The United States says it will "guarantee freedom of navigation" for shipping through the Strait of Hormuz through diplomatic talks or military intervention, contending again that it was "unmistakable" that Iran launched last week's attacks on two tankers sailing through the narrow passage.
"These were attacks by the Islamic Republic of Iran on commercial shipping on the freedom of navigation with the clear intent to deny transit through the Strait," Secretary of State Mike Pompeo told Fox News Sunday.
The top U.S. diplomat said the United States does not want war with Tehran, but it will ensure passage through the chokepoint that links the Persian Gulf and Gulf of Oman, a hook-shaped body of water through which as much as a third of the world's oil supply is shipped.
"The United States is going to make sure that we take all the actions necessary, diplomatic and otherwise, that achieve that outcome," he told Fox.
Pompeo told another Sunday news talk show, CBS News' Face the Nation, that military intervention would be employed if necessary.
Iran has rejected the U.S. accusation it is responsible for the attacks on the Norwegian and Japanese ships, one transporting oil and the other chemicals.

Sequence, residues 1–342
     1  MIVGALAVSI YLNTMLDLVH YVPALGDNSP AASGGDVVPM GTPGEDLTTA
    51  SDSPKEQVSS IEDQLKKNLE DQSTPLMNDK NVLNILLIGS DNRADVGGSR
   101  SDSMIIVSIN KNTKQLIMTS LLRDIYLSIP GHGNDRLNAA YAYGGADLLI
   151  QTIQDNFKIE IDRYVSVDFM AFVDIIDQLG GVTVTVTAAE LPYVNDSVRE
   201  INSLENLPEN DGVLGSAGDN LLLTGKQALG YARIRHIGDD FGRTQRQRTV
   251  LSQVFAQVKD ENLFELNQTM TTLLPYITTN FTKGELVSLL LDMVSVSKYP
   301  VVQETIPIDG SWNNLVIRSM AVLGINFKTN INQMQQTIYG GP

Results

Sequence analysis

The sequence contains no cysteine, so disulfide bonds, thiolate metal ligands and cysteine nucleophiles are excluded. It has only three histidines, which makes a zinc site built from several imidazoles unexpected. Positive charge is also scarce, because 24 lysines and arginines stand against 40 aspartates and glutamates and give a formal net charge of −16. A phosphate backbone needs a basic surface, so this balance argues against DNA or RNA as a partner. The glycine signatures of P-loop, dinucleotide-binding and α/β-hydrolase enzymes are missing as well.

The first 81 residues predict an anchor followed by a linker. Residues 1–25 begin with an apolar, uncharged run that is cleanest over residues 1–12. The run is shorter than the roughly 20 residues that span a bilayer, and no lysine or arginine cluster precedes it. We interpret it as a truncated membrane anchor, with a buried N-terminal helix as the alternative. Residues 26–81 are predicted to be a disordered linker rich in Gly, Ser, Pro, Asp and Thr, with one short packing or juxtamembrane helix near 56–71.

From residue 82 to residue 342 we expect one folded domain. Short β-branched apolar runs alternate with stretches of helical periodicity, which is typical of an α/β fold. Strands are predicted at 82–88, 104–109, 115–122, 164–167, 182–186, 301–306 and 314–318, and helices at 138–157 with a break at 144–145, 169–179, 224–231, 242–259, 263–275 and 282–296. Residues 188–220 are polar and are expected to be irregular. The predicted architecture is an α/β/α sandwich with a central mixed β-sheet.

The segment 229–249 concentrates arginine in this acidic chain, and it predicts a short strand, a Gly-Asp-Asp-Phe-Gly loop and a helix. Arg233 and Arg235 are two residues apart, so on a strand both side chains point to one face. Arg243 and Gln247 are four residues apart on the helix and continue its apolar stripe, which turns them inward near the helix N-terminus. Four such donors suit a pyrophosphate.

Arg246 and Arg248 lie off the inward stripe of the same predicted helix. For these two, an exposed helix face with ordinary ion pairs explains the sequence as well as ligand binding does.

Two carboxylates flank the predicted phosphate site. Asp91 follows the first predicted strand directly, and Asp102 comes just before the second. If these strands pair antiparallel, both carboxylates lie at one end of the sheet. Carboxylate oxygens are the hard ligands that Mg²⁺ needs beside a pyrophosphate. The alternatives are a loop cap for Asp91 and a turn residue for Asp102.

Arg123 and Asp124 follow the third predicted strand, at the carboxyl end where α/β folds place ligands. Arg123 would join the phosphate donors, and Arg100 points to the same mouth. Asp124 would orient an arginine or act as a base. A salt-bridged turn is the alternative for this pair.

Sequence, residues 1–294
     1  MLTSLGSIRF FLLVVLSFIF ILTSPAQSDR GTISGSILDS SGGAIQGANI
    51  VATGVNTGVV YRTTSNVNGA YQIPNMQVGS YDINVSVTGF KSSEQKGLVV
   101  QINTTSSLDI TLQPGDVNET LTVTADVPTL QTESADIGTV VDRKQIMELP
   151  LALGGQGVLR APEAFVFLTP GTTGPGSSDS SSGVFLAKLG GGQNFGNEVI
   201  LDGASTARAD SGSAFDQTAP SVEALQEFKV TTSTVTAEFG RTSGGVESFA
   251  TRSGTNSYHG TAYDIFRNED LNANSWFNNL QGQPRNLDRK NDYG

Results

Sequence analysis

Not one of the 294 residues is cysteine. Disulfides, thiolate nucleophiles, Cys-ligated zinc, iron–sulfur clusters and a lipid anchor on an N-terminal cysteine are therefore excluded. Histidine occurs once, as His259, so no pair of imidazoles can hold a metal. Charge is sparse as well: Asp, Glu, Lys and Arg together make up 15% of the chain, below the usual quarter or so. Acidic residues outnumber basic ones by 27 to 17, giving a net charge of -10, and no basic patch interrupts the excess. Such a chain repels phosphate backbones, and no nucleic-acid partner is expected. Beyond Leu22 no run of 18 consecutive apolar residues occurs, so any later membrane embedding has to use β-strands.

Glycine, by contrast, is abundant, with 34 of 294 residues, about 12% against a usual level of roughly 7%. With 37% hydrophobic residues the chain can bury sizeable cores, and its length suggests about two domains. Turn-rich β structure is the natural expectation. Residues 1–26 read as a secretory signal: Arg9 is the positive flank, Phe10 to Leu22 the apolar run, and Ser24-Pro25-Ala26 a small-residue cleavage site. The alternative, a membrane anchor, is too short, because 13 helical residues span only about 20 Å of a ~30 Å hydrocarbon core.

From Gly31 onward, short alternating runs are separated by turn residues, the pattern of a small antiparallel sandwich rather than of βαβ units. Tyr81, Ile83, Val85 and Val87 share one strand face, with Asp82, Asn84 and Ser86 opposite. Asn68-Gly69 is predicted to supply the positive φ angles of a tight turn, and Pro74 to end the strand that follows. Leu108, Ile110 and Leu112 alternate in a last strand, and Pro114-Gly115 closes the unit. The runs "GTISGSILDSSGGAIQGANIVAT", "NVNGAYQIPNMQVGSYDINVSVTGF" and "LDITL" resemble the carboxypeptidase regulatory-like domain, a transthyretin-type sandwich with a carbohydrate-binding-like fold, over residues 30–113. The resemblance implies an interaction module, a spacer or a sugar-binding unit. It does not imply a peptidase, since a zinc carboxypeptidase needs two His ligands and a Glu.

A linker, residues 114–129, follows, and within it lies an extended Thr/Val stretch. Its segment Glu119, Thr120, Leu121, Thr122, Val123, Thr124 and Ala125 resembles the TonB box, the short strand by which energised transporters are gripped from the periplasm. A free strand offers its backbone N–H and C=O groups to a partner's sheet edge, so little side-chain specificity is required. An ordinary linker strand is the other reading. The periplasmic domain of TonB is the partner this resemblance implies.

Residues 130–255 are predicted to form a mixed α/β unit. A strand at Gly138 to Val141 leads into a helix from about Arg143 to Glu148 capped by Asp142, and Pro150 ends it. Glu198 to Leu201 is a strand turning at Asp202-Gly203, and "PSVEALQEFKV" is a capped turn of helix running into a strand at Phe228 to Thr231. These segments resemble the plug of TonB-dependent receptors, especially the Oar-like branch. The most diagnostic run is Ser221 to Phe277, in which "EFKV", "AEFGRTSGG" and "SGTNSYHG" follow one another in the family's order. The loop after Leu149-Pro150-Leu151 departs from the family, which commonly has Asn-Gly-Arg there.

'Lots of evidence'
The president of the Japanese company operating the Kokuka Courageous tanker said he saw something fly toward the vessel and did not believe the ship was attacked by a mine or torpedo. But the U.S. Defense Department released a grainy video Friday showing what it said was an Iranian boat recovering an unexploded mine from the side of the ship.
Pompeo told Fox, "It's unmistakable what happened here," adding the United States "has lots of data, lots of evidence" that Iran was behind the attacks.
"The world will come to see much of it, but the American people should rest assured we have high confidence with respect to who conducted these attacks, as well as half a dozen other attacks throughout the world over the past 40 days," he said.
Pompeo said the U.S. is dedicated to keeping Iran from developing nuclear weapons, even as the United States withdrew from the 2015 international pact — which aimed at curbing Tehran's nuclear program in exchange for lifting economic sanctions against it.
The U.S. subsequently reimposed sanctions to curb Iran's overseas business transactions, but in recent days granted Iraq another 120-day waiver to continue to import Iranian natural gas to power its electrical grid.
U.S. President Donald Trump said Friday that if Iran blocks the Strait of Hormuz, "it's not going to be closed for long," but did not elaborate.
"They know it, and they've been told in very strong terms," Trump said. "We want to get them back at the table, if they want to go back," he said, referring to U.S. efforts to open bilateral negotiations on a new nuclear deal with Iran.
"I'm ready when they are, but whenever they're ready, it's OK," he told Fox News. "And in the meantime, I'm in no rush. I'm in no rush."